I don’t see Eric Hall repeating the old-fashioned governance style of hiring consultants to tell us what time it is with our own watch. He is a business management educator, commercial property manager and professional consultant for America’s top corporations. He tracked down absentee homeowners sitting on vacant Main Street storefronts to get them moving, and reached out to all sorts of people around town to listen. This is important in a small town with many different groups and unique special interests that don’t all fit.
Some want housing while others do not want new housing near them. Some want to fix the streets, but not if it means new hotels that generate revenue to fix those streets. How do you want to resolve competing interests in the community? This is where having shared priorities and a long-term plan with community collaboration can solve problems without checking where the wind is blowing and being responsive all the time.
So if you’re happy with the situation, vote for Paul Dohring. If you think St. Helena can do better, balancing those priorities and meeting its challenges, vote for Eric Hall, who can bring back that old phrase “Sunny St. Helena.”
Dohring provided the following response: “I appreciate the invitation to respond to this letter (author’s name withheld). I would respectfully direct your readers to my other response this week to a similar letter, as this letter is mostly answered there.
“I want to clarify a few statements. First, I have never advocated ‘another SHAPE-like study’ to determine the best use of city-owned properties. I have stated that it is up to the community to decide on how best to use its city-owned properties, not a single member of council Over the next few months, council will be holding a strategic planning session to create a long-term financial plan for our city’s financial needs. This would be the best time to receive community feedback regarding the use of city-owned properties.Secondly, I have never advocated the formation of a “communications committee”.I have stated that the budget process of the city is an important educational tool to inform the community of the vision, mission and goals of the city. I suggested that the council could benefit from the training of a s budget sub-committee to work more closely with city staff as the budget is developed This would give staff a better understanding of our community’s priorities and put Council in a more proactive position, rather than leaving Council simply react to a budget document without significant input as it is developed.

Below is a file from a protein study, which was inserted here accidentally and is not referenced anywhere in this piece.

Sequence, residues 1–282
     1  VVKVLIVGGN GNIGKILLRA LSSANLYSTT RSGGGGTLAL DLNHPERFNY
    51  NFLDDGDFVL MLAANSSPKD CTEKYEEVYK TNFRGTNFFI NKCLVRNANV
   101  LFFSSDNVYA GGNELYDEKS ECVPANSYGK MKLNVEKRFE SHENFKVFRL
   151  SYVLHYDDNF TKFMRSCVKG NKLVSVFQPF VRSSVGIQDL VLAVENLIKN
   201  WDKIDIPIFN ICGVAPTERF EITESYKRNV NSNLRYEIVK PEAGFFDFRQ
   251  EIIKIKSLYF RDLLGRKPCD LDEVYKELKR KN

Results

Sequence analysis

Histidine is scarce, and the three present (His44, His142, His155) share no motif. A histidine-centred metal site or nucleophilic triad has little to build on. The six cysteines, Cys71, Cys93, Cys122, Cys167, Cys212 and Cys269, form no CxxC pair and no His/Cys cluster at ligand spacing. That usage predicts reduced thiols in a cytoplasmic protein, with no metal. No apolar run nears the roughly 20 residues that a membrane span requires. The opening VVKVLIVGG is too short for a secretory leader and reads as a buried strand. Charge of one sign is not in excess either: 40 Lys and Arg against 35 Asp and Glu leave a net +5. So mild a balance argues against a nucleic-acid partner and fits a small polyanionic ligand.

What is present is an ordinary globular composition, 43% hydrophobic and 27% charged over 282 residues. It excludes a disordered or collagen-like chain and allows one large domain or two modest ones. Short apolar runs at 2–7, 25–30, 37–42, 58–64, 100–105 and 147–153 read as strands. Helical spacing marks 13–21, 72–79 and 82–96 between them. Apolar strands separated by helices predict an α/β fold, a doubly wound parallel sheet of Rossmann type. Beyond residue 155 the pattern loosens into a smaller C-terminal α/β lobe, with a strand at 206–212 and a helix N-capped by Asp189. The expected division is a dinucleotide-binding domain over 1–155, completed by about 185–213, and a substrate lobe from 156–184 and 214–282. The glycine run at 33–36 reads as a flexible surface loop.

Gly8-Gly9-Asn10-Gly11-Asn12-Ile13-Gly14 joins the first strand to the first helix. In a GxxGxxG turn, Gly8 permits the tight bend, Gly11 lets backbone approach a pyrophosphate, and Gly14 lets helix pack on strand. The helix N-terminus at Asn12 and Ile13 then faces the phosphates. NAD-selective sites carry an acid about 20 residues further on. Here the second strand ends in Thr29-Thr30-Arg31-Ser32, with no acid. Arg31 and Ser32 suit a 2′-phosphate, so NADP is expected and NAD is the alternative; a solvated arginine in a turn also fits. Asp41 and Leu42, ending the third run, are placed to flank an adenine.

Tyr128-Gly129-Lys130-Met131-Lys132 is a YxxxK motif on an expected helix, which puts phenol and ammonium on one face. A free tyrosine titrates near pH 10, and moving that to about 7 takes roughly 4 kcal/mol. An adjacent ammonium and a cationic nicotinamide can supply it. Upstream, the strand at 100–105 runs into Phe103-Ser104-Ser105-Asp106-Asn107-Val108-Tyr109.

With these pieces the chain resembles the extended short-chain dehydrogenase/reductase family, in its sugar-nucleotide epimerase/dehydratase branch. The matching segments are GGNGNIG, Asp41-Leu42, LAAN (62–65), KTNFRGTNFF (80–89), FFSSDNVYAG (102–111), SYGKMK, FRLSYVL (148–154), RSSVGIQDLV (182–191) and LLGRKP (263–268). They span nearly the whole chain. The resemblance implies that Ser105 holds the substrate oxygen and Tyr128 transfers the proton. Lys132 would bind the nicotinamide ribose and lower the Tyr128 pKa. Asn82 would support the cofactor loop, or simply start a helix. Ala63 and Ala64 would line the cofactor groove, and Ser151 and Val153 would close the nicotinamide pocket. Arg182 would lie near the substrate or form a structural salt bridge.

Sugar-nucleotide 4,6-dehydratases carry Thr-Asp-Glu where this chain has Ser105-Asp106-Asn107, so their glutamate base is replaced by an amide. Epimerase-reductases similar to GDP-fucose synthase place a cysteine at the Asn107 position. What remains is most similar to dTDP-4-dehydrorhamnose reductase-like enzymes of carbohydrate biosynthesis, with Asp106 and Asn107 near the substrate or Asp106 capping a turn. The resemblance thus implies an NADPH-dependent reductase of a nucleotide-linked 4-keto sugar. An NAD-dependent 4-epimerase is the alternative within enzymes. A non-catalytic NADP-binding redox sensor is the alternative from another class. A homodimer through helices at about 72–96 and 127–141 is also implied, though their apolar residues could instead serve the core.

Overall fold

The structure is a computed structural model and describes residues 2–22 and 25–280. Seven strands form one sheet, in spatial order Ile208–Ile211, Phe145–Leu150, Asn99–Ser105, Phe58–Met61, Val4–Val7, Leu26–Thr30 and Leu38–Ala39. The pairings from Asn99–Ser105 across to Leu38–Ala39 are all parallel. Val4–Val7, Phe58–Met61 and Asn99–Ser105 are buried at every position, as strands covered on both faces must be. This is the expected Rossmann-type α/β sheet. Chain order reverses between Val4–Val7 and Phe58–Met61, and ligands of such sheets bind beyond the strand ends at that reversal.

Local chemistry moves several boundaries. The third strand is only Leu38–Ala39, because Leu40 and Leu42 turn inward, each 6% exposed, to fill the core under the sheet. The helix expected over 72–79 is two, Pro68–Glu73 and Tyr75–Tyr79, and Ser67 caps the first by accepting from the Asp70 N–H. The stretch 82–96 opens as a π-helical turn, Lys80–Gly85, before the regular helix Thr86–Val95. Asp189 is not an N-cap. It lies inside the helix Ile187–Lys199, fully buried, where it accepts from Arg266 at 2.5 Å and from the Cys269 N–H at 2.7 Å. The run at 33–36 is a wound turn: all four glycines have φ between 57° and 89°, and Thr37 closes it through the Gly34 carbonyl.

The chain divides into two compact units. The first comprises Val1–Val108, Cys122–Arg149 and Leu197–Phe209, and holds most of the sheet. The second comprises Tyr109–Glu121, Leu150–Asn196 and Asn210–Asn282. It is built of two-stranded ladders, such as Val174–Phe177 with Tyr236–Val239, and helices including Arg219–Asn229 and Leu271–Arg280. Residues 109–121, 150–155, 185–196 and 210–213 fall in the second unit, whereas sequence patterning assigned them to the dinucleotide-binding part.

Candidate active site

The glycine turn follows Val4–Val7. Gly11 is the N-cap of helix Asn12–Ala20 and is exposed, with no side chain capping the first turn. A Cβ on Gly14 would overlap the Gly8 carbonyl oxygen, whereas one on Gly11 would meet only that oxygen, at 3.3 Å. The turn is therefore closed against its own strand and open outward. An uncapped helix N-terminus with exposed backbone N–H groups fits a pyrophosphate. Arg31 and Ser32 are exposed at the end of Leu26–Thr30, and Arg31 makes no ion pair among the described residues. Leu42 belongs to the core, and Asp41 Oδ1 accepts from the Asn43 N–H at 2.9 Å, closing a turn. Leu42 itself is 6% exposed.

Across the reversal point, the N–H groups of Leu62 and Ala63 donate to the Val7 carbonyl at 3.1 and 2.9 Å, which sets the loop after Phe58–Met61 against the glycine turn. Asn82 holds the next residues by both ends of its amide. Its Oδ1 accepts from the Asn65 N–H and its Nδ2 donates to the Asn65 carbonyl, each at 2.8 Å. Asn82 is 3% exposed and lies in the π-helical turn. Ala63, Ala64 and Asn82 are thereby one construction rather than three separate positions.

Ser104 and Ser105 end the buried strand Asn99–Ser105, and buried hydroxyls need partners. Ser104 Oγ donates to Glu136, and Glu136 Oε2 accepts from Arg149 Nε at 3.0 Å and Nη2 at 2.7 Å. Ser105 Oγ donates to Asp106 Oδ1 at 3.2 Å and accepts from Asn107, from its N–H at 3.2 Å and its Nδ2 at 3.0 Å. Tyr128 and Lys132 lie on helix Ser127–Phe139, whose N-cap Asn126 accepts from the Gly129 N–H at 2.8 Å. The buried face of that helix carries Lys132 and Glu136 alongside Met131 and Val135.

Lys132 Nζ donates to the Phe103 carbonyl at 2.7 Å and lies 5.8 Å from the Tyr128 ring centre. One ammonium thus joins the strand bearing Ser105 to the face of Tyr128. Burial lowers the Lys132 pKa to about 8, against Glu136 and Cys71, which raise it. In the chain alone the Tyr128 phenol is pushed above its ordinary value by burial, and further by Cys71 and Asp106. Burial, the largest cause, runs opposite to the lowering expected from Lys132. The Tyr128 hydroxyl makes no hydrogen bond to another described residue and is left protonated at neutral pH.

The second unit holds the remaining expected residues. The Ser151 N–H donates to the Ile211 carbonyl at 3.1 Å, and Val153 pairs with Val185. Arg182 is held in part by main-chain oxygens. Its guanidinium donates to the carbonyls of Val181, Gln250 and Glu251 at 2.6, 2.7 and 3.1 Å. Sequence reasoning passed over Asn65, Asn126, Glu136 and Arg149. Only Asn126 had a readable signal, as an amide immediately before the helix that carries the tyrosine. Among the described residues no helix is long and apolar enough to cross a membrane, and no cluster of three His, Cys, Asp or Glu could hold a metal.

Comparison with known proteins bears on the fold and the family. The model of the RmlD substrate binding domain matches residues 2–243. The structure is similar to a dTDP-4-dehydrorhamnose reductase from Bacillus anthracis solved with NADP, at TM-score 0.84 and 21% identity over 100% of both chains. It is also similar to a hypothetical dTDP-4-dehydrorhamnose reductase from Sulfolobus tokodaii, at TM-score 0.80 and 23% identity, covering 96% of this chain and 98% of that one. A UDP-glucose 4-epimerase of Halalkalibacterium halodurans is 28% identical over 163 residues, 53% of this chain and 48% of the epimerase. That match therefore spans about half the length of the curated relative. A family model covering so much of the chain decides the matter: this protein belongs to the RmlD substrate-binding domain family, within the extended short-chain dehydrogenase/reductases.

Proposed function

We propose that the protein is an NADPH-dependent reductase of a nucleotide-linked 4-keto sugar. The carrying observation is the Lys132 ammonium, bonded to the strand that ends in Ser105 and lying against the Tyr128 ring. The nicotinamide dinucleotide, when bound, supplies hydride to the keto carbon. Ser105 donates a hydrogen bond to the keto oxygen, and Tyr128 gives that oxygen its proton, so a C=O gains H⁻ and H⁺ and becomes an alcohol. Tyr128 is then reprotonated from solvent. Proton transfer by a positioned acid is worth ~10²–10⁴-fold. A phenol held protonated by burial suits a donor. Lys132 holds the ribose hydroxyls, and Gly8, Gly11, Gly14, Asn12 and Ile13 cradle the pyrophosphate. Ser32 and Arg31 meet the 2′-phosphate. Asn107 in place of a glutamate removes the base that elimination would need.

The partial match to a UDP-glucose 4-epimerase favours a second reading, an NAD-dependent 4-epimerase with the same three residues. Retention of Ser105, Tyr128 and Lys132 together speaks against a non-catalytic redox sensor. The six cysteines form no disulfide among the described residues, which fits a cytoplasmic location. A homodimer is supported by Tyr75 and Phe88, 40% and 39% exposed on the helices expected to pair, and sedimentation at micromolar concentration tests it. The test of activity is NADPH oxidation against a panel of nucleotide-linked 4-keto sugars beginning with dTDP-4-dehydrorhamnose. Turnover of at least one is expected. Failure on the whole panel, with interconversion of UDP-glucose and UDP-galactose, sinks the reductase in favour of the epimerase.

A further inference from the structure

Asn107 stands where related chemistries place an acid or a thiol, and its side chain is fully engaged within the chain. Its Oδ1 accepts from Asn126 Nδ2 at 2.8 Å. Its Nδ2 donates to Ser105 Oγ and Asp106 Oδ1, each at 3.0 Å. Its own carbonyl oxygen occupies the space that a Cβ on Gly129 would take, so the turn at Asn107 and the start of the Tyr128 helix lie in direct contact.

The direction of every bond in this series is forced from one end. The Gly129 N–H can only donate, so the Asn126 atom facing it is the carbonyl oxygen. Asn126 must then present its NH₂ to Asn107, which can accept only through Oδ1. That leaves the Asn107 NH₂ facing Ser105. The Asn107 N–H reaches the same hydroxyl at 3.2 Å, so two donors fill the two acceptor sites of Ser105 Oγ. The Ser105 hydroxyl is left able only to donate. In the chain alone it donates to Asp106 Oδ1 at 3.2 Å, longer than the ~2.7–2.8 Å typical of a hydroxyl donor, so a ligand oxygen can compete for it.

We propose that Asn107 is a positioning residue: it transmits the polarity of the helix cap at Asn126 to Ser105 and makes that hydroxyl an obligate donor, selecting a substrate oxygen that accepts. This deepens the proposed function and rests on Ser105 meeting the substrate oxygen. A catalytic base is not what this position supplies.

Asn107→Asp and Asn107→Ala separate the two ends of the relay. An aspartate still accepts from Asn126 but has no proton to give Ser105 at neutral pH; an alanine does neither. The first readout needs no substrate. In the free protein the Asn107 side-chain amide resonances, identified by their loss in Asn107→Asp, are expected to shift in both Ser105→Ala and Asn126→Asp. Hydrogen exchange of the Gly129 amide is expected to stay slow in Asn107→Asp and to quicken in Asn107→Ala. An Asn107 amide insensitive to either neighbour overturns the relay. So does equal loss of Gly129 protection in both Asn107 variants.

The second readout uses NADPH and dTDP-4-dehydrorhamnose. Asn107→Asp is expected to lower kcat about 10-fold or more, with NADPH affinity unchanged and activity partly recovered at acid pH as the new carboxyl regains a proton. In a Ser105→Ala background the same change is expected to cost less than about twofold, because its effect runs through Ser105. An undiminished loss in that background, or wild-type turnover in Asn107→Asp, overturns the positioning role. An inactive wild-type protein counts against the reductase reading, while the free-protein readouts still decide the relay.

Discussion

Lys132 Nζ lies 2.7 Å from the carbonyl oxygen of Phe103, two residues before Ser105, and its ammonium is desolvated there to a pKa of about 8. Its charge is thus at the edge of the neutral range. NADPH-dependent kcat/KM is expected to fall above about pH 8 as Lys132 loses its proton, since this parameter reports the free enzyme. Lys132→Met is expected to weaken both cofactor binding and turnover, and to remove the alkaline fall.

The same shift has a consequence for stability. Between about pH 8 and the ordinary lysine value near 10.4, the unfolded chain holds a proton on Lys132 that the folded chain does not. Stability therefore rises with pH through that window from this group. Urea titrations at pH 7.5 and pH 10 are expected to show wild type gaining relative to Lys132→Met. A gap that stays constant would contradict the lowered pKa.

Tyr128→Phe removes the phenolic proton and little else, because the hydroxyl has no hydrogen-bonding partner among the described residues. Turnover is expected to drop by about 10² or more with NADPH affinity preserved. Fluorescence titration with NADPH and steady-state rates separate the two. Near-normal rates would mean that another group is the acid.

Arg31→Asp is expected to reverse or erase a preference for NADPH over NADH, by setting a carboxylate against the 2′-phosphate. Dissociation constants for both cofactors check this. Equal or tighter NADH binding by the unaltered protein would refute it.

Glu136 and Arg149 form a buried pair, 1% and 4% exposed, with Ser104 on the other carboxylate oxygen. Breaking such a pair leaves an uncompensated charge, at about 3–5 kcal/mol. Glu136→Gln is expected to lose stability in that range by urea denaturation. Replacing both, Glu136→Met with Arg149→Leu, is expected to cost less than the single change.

“I also want to remind your readers that in 2012, before my time, a local sales tax initiative was rejected by voters, largely because of inadequate voter education. The clear lesson is that community education is essential for a much-needed additional audience.We know, for example, that the 2016 sales tax increase and the recent GO Bond measure would have failed without strong education campaigns. and assessment for which I have claimed, including SHAPE, has been instrumental in community education It is ironic that the current outcry over our civic infrastructure is to some extent the product of the educational work which I am largely responsible.
(The views expressed here are my own individually and are not intended to represent the official positions of the City of St. Helena or the City Council of St. Helena.)”